The group thinks that these problems
exist in some ten areas relevant to
the welfare of the world population,
present and future. Working
groups
have been formed for each of these
ten bunches
of problems
and their
analysis is given in the ten annexes
constituting
part
4. Many
of the
existing
institutions
in the
United
Nations already are performing
tasks
of the kind mentioned, but an overhaul
is needed to raise both the degree
of participation
and the efficiency in
terms of the goals formulated.
The changes
needed can onIy be
brought about step by step and require
changes in power structure. The latter
can be furthered
by collective
selfreliance
(such
as the
cooperation
between developing countries producing the same commodities
or between
neighbouring
countries),
and also by
new coalitions.
These are coalitions
between groups with parallel interests
which have not so far been aware
of this parallelism.
One example
is
Western
consumer
unions
and developing
countries
able
to supply
cheap manufactured
consumer goods.
They should join in exerting pressure
on Western governments
to liberalise
the imports of such goods.
Part 3 contains proposals for action,
subdivided
into
proposals
for the
medium
and the long term (before
1985, and between
1985 and 2000).
We will indicate
some of them, as
examples, taken from each of the ten
problem areas.
Money
In the monetary
field the further
phasing out of gold and key currencies
and their replacement
by SDRs
is
recommended,
together with the development of enforceable guidelines for
official interventions
in exchange markets and for better adjustment policies.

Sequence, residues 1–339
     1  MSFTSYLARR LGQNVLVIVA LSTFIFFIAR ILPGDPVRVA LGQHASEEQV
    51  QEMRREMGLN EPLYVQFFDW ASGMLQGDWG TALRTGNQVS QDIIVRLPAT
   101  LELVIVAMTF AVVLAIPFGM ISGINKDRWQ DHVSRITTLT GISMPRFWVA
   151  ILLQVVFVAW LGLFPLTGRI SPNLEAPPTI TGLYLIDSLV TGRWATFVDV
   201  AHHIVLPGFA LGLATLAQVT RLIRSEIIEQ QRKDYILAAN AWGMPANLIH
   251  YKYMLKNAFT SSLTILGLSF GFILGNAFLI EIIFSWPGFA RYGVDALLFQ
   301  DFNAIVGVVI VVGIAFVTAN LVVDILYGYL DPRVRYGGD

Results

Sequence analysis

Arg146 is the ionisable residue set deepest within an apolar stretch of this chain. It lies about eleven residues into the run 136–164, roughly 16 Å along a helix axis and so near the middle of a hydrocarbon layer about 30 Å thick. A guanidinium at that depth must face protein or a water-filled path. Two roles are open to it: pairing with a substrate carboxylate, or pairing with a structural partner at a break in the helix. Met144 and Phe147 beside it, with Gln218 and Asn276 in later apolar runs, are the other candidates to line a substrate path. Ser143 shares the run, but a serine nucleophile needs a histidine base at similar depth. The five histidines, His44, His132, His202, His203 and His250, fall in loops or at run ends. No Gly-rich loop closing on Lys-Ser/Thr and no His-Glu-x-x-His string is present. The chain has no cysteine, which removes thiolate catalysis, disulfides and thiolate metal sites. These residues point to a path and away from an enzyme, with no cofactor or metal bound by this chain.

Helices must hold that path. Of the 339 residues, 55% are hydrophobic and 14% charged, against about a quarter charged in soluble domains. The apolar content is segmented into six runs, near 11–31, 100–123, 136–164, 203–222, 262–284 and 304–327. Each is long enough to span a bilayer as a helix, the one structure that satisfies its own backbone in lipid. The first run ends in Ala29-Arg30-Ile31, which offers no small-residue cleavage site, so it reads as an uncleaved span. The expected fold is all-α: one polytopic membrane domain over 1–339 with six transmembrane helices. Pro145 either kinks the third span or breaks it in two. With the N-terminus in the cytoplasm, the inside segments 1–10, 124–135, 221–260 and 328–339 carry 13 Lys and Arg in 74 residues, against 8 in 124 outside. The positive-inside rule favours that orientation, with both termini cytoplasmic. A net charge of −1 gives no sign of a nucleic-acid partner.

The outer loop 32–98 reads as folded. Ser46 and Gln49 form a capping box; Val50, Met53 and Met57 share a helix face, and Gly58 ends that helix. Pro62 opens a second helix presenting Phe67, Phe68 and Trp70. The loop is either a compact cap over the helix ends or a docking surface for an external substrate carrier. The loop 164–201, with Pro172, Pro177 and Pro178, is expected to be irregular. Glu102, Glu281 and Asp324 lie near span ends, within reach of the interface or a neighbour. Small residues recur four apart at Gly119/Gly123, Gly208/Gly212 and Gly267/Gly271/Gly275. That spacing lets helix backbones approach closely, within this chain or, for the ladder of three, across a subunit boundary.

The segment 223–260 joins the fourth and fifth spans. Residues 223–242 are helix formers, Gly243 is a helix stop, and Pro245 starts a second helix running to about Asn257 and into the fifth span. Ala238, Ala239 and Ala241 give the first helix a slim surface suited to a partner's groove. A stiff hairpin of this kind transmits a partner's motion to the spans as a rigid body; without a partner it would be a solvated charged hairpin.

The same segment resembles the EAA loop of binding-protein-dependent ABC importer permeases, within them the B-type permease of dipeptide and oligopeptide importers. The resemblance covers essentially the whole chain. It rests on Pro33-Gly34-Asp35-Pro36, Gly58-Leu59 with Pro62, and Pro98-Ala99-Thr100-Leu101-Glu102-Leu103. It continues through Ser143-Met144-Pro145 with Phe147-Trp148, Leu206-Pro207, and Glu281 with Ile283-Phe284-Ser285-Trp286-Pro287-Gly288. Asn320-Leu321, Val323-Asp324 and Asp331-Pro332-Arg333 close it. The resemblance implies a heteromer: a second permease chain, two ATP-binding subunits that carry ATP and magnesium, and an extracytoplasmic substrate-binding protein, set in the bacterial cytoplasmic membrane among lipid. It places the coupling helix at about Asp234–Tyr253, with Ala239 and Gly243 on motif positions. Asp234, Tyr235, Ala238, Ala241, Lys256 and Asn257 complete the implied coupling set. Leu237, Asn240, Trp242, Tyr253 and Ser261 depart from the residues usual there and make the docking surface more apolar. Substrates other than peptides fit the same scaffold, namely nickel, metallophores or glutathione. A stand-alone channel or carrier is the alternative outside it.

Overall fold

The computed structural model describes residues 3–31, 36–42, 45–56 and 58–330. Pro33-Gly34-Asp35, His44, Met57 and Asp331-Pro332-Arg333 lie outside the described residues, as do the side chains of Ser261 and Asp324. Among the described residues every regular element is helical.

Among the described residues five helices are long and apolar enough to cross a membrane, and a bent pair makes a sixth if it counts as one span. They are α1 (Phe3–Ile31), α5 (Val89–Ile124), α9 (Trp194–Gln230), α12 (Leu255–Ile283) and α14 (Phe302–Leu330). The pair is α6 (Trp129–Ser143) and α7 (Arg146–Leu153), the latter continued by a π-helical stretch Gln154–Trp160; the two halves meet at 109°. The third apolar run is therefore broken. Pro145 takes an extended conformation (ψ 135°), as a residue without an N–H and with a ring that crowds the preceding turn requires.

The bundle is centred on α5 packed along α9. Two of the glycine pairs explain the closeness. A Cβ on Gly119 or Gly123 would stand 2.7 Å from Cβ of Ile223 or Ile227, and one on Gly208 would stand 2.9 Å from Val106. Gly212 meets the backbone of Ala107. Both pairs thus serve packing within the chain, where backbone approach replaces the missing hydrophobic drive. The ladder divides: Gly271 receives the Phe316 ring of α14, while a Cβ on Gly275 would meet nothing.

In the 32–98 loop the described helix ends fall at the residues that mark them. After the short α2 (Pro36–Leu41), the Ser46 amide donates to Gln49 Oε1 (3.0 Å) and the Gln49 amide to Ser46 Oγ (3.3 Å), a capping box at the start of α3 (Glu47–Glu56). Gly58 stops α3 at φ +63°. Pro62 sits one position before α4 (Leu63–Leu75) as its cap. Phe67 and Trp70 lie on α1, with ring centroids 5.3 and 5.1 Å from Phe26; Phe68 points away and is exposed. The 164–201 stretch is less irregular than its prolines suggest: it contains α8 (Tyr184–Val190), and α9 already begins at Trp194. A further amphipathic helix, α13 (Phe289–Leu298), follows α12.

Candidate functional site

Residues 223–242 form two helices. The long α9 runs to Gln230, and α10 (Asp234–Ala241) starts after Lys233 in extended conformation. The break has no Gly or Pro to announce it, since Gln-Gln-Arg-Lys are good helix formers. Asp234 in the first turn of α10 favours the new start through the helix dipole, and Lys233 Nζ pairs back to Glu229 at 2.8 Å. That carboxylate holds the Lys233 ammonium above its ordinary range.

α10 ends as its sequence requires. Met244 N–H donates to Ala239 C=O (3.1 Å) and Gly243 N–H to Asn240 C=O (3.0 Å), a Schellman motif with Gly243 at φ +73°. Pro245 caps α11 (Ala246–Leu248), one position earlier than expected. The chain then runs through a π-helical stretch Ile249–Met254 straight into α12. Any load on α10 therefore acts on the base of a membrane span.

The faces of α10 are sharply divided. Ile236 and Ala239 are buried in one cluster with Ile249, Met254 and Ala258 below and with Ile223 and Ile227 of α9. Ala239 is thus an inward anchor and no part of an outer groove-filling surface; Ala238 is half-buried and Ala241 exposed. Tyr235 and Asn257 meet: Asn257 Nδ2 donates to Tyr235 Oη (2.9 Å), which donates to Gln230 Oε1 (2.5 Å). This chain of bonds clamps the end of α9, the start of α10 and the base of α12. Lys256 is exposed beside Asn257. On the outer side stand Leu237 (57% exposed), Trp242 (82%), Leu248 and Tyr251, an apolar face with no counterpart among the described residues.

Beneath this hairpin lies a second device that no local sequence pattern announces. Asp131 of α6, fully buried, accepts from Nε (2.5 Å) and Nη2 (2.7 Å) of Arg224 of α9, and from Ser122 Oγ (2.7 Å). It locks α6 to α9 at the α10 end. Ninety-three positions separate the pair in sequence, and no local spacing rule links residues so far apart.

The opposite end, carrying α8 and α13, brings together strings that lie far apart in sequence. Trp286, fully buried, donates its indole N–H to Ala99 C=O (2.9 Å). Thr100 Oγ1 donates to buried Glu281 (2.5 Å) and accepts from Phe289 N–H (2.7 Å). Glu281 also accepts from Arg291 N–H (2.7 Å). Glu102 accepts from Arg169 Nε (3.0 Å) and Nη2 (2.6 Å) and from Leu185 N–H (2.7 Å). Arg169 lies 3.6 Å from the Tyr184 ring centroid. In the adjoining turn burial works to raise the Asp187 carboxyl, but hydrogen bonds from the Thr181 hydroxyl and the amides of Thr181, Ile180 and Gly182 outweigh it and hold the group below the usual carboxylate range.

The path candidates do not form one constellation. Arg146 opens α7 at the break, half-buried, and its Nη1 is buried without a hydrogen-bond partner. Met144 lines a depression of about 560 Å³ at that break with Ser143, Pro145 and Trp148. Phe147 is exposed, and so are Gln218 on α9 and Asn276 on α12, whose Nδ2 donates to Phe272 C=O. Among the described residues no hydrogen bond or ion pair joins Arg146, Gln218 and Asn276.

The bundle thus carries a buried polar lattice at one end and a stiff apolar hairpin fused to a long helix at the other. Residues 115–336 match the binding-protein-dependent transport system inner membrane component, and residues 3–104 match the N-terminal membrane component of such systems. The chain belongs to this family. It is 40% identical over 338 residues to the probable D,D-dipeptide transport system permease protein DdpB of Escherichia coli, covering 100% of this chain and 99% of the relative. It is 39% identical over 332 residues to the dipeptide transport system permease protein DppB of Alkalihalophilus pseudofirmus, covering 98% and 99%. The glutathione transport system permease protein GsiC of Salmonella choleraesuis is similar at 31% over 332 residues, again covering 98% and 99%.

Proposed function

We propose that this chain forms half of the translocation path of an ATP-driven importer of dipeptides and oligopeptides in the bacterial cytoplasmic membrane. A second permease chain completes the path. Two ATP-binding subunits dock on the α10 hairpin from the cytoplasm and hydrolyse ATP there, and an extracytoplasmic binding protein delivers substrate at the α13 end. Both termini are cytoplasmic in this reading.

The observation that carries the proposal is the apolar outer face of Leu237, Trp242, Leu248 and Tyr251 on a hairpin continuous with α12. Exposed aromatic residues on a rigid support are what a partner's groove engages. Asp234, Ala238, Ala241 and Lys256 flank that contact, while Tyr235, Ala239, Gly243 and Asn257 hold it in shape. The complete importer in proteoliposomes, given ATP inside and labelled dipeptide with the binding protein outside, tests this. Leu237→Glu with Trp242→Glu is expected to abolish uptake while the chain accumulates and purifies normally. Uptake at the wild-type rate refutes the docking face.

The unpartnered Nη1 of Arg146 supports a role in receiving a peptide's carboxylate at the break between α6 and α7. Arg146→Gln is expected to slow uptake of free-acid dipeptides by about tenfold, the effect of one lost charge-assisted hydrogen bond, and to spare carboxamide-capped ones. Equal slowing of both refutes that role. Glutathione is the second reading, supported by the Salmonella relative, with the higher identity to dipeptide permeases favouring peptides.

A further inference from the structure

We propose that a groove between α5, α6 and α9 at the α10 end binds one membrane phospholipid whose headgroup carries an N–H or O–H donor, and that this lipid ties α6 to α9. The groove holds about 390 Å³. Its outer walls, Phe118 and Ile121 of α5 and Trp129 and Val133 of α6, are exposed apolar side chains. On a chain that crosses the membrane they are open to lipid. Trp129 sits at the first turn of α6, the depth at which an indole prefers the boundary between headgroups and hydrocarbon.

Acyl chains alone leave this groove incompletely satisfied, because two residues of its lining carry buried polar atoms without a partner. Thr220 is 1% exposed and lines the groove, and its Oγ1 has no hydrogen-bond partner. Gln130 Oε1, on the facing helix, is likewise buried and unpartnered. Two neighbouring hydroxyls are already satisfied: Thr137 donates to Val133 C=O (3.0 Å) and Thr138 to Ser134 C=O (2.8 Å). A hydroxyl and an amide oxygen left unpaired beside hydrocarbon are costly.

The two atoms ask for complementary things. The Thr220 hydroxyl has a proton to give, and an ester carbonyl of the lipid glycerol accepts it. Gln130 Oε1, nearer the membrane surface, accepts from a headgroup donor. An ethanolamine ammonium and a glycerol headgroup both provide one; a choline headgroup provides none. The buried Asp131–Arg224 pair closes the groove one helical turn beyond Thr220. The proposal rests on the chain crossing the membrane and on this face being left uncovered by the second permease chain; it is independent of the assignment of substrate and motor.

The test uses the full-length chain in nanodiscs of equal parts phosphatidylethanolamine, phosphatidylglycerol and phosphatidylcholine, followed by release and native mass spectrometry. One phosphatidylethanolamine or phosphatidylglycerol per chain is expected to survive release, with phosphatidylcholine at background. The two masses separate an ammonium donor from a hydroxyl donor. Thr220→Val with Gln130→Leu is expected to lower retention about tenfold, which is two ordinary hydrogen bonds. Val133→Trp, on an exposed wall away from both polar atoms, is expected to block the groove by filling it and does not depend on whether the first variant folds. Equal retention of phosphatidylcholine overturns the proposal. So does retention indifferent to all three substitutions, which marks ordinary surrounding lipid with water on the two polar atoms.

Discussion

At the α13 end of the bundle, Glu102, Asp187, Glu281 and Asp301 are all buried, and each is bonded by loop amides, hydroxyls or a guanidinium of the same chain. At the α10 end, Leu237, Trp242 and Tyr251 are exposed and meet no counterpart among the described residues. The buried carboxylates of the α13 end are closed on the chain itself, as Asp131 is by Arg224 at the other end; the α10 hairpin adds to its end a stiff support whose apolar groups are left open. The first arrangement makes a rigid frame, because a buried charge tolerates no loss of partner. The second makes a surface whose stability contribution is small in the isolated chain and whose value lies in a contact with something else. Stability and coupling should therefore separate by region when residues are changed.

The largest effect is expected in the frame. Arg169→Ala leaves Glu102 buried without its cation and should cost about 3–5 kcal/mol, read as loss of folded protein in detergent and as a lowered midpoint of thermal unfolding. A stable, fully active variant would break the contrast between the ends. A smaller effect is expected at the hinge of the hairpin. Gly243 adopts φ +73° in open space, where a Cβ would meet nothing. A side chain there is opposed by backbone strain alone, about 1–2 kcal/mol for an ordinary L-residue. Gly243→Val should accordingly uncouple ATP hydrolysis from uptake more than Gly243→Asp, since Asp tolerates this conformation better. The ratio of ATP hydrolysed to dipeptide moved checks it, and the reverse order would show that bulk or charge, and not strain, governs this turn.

First steps at the regional level-such

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December IS76

555

as the EEC-are
suggested. Newly to
be created SDRs should be used for
internationally
agreed objectives
(the
link with IDA financing) .a
Interf2ationaZtaxes
In the field of income redistribution
and the financing
of development,
a
substantial increase in financial transfers from rich to poor, especially the
poorest, countries
(with a per capita
income less than $200) is considered
necessary. More automaticity and more
influence
of developing
countries
in
the transfer
mechanism
is required;
some
forms
of international
taxes
are mentioned
as examples
of automatic financing.
The report recommends that a negotiating
forum for
an orderly settlement
of past debts
of the poorest nations be set up, and
favour multilateral financing.
Food
In the area of food production
the
authors would like to see a scheme
guaranteeing
stable food grain prices,
high enough
to stimulate
marginal
food producers in developing countries.
Further
contributions
to the Fund
for Long-Term
Development
of Agriculture
are required.
More fertiliser
transfers
to and production
in developing countries are considered necessary ; so are measures against waste
of food in rich countries and in transport and storage in poor countries.
Large-scale
projects to improve irrigation and prevent flood control should
be undertaken
and financed
from
international
sources.
Trade
The
industrialisation
of developing
countries should be furthered,
among
other means, by increased processing
of their national
raw materials
and
by the expansion
of labour-intensive
industries,
supported
by a reduction
in trade impediments by industrialised
countries.
The implementation
of an